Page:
As research progresses, guidelines change.
As I grow and learn the new research, I have started to change how I treat my postpartum patients/clients.
I wanted to discuss new postpartum guidelines and apologize if my blog from 3 years ago in any way created fear in those of you returning to the gym/exercise postpartum. That was never my intention. My intention was to educate you and help you be as smart as you can with return to the gym. We have to recognize everyone is different.
What has not changed is tissue healing. We still need to make sure we are giving tissues adequate time to heal. With still need to treat postpartum recovery like we just had surgery because birth is a MAJOR event. It is still trauma to the pelvic floor or core depending on vaginal delivery versus C-section. BOTH require rehab. They just look a little differently so we must recognize that. If you had a C-section, your pelvic floor is still involved and the core is absolutely involved which ties in with the pelvic floor anyways.
We need to focus on STRENGTH early on and slowly building strength back. Strength comes BEFORE impact. Think more strength creates more stability as well as our STRONG foundation to build on. This means we will build from body weight load to weight lifting BEFORE we start jumping.
Some ladies may be able to start light jumping at 8 weeks, some may wait until 12 weeks and some, depending on symptoms may be longer. It is important to be PERSON SPECIFIC but general guidelines can help women be smart as they slowly return.
Understand that return time can be faster based on many factors like prior strength, birth factors like tearing and length of delivery, genetics, number of births, rehab done between births etc.
There are a series of tests I go through with mommas in my office to clear them to return to light jumping movements like pogo jumps, penguin hops, jumping jacks, then running, then to higher impact like box jumps and double unders. We are also keeping in mind volume and intensity. We want to build to the volume a person goes back to and eventually the same intensity they want to get back to.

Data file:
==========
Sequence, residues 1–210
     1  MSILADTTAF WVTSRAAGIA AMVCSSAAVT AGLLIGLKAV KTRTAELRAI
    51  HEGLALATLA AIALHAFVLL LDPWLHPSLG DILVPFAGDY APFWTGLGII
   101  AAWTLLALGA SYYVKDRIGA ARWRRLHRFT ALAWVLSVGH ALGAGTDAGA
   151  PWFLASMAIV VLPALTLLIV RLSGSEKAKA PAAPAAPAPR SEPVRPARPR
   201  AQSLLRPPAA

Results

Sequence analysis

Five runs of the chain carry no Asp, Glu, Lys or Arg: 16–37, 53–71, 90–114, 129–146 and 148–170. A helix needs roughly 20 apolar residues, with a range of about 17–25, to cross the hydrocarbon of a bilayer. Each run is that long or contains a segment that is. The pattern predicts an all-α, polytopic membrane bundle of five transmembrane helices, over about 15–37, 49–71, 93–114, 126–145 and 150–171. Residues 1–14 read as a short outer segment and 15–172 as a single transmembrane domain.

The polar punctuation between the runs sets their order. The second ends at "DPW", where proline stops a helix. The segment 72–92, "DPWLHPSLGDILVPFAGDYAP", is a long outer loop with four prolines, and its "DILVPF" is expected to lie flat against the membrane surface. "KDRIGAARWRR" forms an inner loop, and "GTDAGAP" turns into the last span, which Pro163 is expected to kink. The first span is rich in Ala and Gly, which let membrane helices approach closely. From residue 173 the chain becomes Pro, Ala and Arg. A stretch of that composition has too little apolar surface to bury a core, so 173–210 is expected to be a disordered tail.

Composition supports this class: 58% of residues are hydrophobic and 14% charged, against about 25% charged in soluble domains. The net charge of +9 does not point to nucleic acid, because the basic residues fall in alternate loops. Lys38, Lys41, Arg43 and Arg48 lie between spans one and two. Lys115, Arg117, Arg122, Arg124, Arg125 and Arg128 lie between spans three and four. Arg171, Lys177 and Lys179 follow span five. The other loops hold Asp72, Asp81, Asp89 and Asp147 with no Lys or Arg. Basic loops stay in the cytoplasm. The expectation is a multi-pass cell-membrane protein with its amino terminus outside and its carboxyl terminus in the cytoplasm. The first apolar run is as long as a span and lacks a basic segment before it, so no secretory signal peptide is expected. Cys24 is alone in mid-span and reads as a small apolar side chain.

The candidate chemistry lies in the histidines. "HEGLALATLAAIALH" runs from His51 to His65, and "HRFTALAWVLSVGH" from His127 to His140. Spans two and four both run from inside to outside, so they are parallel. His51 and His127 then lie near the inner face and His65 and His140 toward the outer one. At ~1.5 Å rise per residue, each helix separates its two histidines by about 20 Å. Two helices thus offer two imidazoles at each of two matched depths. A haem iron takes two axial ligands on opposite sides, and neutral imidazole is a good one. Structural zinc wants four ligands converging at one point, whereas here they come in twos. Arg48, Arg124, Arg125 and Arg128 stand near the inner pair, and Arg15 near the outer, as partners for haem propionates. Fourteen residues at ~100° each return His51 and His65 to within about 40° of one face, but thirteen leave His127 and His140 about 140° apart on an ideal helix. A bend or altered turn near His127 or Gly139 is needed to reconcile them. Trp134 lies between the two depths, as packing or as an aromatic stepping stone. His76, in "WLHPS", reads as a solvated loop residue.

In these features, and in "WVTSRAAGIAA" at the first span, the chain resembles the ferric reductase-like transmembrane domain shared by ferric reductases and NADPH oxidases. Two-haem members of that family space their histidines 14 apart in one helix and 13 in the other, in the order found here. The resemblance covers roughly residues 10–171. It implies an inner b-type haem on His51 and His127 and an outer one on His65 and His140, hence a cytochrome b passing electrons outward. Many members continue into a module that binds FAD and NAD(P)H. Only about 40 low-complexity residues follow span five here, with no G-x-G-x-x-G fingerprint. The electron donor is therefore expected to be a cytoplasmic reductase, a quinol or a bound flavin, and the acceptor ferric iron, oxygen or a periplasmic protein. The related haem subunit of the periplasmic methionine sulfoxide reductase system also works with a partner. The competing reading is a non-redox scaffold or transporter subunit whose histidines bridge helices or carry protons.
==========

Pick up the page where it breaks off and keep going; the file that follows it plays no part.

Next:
One of the best pieces of advice is, LISTEN TO YOUR BODY. There are certain signs and symptoms your body can communicate when you are doing a little too much too quickly.
Here are those signs and symptoms:
-heaviness in pelvic floor area
-abdominal muscle cramping
-pelvic floor muscle cramping
-feces leakage or difficult holding back gas
-low back pain
-soreness that last longer than 2-3 days
-excessive doming or coning with activity
These are the common areas or movements I see moms go back to a little too early on and they complain of these symptoms or we see these symptoms present.
-Ab mat sit ups
-Deadlifting too heavy too quickly
-Back squatting too heavy too quickly
-front squats & wall balls w/ improper breathing
Keep in mind you may have no symptoms with these and be ready for some of these movements before others. Impact movements, I do not recommend before 8 weeks postpartum but some of these movements like planks we can start as early as 2-3 weeks postpartum depending on a patients core control, diastasis, # of pregnancies and positioning for the plank. Sit ups, I see value in starting as early as possible WITH assistance or some form after relaying the foundation of core control and breath control.
If you had a vaginal delivery, it could take you longer to get back to the impact movements like running and jumping. As for a c-section, it typically takes longer to gain all of your gymnastics or core, ab exercise movements back without symptoms.
It is super helpful to work with healthcare professionals, personal trainers, and coaches that understand this and these guidelines as well as what SYMPTOMS to watch for.
If you are a coach and personal trainer and are unsure, please reach out to me.
If you are postpartum, I would recommend seeing a pelvic floor PT, like myself, for at least ONE visit.
Virtually or in-person sessions are SUPER beneficial and the research is showing patients are getting better through telehealth which is awesome!
Let me know your feedback
-Dr. Jenn Frankoski
O’Dell KK, Morse AN, Crawford SL, Howard A. Vaginal pressure during lifting, floor exercises, jogging, and use of hydraulic exercise machines. Int Urogynecol J Pelvic Floor Dysfunct. 2007 Dec;18(12):1481-9. doi: 10.1007/s00192-007-0387-8. Epub 2007 May 22. PMID: 17982711.
Gephart LF, Doersch KM, Reyes M, Kuehl TJ, Danford JM. Intraabdominal pressure in women during CrossFit exercises and the effect of age and parity. Proc (Bayl Univ Med Cent). 2018 Apr 9;31(3):289-293. doi: 10.1080/08998280.2018.1446888. PMID: 29904290; PMCID: PMC5997050.
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